Now the situation for ARM SoC for Android is NOT the same. You just don't boot a generic ARM Linux kernel to driver your random ARM SoC of your random phone. Because even what could constitute an equivalent core system as what exists for PC, follows no standard.


You still need all of these things. An x64 Intel Processor manufactured in 2017 still boots into real mode at startup exactly like the original did 30 years ago. Complete with segmented mode without memory protection, multitasking, or code privilege levels, just as AT/AT compatible as the day it was born.


Thanks for reminding me of Plug'N'Pray. Some stuff worked but a lot didn't, likely the cheap rubbish hardware I bought with lame drivers. And trying to load a mouse driver for DOS and play a game that needed himem. Or trying the set the right IRQ to get the DOS game to believe you had an Adlib or SB16 compatible card....

The kids today don't know how easy things are with unified drivers for audio on Mac OS etc. I mean, even USB coming out was amazing instead of serial devices and guessing the COM port? Which LPT1?? And dial up etc etc so easy now.


My understanding is the interface between hardware and kernel is more vendor-specific on ARM than it is on the PC. So the PC has lots of hardware diversity but the way you talk to a given device is already somewhat abstracted from the perspective of the kernel.


A major thing you have on PCs that you do not have on ARM is bus query.

With PCI and later the OS can ask each device on the bus to ID itself and thus figure out if it is a known device type or not (and if not, ask the admin to install drivers).

On ARM You have things sitting off various buses that expect the kernel to know what they are and how to talk to them from the word go.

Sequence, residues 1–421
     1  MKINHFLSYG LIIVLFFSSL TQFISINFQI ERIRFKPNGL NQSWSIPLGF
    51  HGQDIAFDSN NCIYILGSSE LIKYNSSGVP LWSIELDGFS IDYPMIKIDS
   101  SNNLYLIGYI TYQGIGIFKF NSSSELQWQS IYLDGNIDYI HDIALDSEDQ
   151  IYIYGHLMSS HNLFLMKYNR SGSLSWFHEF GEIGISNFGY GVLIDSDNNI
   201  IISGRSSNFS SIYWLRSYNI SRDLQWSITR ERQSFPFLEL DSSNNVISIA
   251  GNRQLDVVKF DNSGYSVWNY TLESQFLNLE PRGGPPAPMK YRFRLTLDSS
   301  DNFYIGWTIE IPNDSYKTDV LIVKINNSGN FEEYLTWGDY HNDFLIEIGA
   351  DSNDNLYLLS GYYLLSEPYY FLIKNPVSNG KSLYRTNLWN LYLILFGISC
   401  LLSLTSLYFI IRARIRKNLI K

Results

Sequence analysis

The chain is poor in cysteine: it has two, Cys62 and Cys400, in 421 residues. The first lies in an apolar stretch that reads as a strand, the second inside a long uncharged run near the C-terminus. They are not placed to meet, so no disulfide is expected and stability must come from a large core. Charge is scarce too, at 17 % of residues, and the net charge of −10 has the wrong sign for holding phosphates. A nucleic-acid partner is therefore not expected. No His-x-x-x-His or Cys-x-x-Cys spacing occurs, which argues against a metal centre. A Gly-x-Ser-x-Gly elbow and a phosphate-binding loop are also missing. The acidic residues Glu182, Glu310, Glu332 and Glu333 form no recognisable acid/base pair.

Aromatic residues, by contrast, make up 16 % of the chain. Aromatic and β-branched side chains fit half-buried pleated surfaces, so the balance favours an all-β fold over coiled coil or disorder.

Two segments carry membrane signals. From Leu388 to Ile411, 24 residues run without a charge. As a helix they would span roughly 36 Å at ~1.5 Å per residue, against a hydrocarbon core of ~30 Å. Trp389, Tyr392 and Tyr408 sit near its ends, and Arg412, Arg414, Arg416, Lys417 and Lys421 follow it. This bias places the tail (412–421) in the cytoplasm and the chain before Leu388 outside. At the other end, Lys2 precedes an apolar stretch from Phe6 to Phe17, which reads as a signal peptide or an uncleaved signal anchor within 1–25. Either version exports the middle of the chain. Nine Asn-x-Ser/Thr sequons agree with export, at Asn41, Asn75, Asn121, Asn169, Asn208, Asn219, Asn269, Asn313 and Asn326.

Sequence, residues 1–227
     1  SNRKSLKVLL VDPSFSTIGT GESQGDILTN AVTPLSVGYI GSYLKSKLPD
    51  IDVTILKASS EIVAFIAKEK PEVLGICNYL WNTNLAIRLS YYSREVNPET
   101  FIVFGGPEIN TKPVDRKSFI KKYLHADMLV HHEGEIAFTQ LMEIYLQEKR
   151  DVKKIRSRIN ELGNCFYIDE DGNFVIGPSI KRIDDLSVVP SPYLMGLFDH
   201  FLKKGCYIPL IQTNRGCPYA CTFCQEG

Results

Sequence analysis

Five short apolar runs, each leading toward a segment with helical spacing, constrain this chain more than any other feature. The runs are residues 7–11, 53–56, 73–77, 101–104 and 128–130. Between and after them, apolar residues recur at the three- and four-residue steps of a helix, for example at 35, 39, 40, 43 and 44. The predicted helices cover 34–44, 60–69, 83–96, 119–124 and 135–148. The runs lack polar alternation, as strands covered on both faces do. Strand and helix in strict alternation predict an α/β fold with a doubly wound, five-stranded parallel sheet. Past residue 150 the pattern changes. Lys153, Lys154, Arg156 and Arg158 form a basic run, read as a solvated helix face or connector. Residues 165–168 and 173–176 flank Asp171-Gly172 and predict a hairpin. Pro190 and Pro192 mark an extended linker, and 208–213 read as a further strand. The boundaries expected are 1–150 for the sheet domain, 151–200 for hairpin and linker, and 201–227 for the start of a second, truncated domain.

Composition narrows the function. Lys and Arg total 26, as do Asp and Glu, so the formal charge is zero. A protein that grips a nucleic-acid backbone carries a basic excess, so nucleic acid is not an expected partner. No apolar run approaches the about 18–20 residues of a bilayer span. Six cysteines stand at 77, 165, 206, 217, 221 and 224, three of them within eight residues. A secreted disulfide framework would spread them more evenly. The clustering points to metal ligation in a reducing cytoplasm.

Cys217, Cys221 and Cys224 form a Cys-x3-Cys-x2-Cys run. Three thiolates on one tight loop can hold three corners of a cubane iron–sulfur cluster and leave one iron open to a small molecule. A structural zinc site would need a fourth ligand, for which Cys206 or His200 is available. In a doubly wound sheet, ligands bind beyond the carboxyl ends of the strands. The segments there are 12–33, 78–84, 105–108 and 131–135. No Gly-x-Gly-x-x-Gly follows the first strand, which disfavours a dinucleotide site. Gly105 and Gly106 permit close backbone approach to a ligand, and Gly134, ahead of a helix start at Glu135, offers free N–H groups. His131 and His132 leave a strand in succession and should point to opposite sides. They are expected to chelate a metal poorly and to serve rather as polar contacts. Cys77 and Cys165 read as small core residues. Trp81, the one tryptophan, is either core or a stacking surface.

It has gotten better as now there exist something known as a device tree that can be read by the kernel at boot. But not every SoC provide support.


Intel started work on Moblin back in the day because Microsoft balked at bringing Windows to a x86 platform without PCI device enumeration.

Heck, if you crack open the ARM based Windows RT tablets you will find quite the odd duck of an ARM SoC inside. One more reminiscent of a x86 PC than what you find in your average Android device.


I think you're overstating the value of most of those things, because it's also possible on Linux desktops too. You can take a typical off-the-shelf x86 laptop, pop a disk in, and install Linux on it.

IMO the key point out of the things you mentioned is the hardware monoculture, because that definitely does help people get Linux running (and keep it running) on new hardware. I'm skeptical about most of the others.


Your example actually helps prove the point: the fact that Linux can use some of these advantages but not others lines up pretty neatly with the fact that it's generally harder to get Linux running on a given system than it is Windows. I say this as someone whose used Linux and thinks that practically everyone could benefit from giving Linux a try as their primary personal computer (with the always-major caveat that you have to be careful about hardware purchases and/or have someone knowledgeable set it up).


Windows runs on many CPU architectures. Android phones are packed with binary blobs.


Windows is one giant binary blob. Also, Android runs on many CPU architectures as well.


So it's Linux fault and Fuchsia is the solution, right? :)


What is this "fuck sea" you're talking about and how do I sail in it?


It's Google's best shot so far at provoking "Android is dead" rumours: http://www.androidpolice.com/2017/02/15/speculation-around-g...

But the reason I brought it up is that Fuchsia OS will have a stable driver ABI.